8. Learned counsel appearing on behalf of the respondent relied upon a judgment of the Supreme Court in Bhartiya Seva Samaj Trust Tr. Pres. and Another Vs. Yogeshbhai Ambalal Patel and Another, . That is a case, where the employee was appointed as a Teacher in pursuance of an advertisement inviting applications. Following a notice to show-cause, his services were terminated on the ground that he did not possess the eligibility for the post and that the process had not been followed in making the appointment. Before the State Primary Education Tribunal, the employee succeeded and the Tribunal directed reinstatement with back wages. The writ petition of the employer was dismissed by a learned Single Judge of the High Court on the ground that the provisions of Section 40-B of the Bombay Primary Education (Gujarat Amendment) Act, 1986 had not been observed since no notice was issued to the employee, nor was approval of the competent authority taken. The Letters Patent Appeal was dismissed by the Division Bench. The Supreme Court noted the concession of the counsel for the employer that the statutory provisions of Section 40-B of the Act had not been followed on both counts. However, it was urged on behalf of the employer that the teacher in question was not duly qualified. This submission was answered by holding that the Division Bench of the High Court had furnished full details of the teachers who had been employed together with the teacher in question and had the same qualifications in spite of which, they were continued in service. Hence, it was held that the first respondent in those proceedings had been victimized and discriminated against. The judgment of the Supreme Court is, therefore, on these facts and is clearly distinguishable. The facts of that case would indicate that there was a breach of the statutory provisions contained in Section 40-B of the Act, which was conceded by the employer. That apart, it was also found that there was an act of discrimination which amounted to victimization of the teacher whose services were terminated.
9. On the other hand, the facts of this case would indicate that the appointment of the respondent was made specifically in pursuance of an advertisement by which a temporary vacancy was advertised. The appointment was extended from time to time and was thereafter terminated by order simplicitor dated 9 May 2003. The selection which took place was not for a permanent vacancy, nor for that matter was the Selection Committee constituted a Selection Committee under Rule 5(3) of the Rules for a regular appointment.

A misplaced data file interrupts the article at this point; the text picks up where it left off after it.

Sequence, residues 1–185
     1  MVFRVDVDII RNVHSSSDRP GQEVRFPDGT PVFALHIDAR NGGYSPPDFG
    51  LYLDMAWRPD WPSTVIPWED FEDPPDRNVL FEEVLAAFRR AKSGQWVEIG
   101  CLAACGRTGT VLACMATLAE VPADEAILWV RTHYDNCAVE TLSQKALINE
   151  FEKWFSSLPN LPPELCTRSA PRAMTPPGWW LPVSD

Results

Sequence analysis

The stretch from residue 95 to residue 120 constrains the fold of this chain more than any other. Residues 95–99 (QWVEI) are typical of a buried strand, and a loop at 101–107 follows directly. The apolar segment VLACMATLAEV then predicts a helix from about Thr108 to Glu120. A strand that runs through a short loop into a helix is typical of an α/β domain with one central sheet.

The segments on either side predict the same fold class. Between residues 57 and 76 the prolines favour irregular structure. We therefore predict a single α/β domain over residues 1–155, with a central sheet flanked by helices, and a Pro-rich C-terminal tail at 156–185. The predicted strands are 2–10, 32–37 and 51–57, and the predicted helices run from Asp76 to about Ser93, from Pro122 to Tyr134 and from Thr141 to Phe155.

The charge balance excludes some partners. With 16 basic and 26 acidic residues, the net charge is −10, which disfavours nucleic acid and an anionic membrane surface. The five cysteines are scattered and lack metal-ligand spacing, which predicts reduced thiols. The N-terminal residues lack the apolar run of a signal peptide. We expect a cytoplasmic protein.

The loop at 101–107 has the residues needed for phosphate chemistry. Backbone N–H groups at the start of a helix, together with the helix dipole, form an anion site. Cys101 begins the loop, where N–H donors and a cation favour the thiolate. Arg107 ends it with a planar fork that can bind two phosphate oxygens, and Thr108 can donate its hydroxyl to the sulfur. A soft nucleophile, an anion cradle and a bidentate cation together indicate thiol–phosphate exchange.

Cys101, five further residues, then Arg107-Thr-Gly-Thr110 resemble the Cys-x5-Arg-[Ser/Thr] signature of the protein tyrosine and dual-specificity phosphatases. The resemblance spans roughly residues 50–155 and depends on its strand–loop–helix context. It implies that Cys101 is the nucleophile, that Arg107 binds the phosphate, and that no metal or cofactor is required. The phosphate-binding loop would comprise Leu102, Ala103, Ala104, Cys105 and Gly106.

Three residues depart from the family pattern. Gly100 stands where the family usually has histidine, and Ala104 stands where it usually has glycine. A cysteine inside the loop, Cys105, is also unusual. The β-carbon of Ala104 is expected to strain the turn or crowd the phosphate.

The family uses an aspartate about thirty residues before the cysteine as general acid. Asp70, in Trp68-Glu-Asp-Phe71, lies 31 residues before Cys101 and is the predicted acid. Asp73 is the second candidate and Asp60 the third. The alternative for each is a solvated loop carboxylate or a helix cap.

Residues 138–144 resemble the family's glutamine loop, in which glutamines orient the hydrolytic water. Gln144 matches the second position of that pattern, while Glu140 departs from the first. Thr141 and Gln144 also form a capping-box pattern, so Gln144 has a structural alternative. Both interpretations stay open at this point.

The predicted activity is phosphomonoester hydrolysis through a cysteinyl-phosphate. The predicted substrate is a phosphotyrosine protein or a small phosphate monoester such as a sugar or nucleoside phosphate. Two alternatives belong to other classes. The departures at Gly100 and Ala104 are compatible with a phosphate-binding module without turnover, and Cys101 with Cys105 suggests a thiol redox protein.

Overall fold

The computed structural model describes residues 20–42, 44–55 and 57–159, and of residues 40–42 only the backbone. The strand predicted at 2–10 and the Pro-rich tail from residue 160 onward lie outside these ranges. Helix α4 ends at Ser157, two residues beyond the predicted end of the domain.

10. In this view of the matter, the judgment of the learned Single Judge allowing the writ petition is unsustainable. The special appeal would have to be allowed and is, accordingly, allowed. The judgment of the learned Single Judge dated 27 November 2013 is set aside. In consequence, the writ petition filed by the respondent shall stand dismissed.
11. At the conclusion of the judgment, learned counsel appearing on behalf of the respondent submits that the services of the respondent may be continued until a regular selection is made and some weightage may be given to him for the services which he has already rendered, while making a regular selection, if he applies for the post when advertised.
12. Learned counsel for the appellants has no objection.
13. To protect the interests of the students, we direct that the respondent may continue in service until a regular selection in accordance with law is made on the post in question. So far as the grant of weightage for the services already rendered is concerned, the respondent may make an application to the Selection Committee, which shall be considered in accordance with law. The special appeal is, accordingly, disposed of. However, there shall be no order as to costs.